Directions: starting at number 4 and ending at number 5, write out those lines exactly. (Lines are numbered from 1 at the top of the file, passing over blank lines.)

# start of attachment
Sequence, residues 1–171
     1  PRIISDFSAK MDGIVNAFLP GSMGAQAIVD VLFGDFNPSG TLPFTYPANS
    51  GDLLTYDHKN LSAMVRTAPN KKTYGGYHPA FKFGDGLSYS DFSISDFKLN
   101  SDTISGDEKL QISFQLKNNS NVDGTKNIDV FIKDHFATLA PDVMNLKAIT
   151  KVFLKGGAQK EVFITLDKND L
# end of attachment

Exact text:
   101  SDTISGDEKL QISFQLKNNS NVDGTKNIDV FIKDHFATLA PDVMNLKAIT
   151  KVFLKGGAQK EVFITLDKND L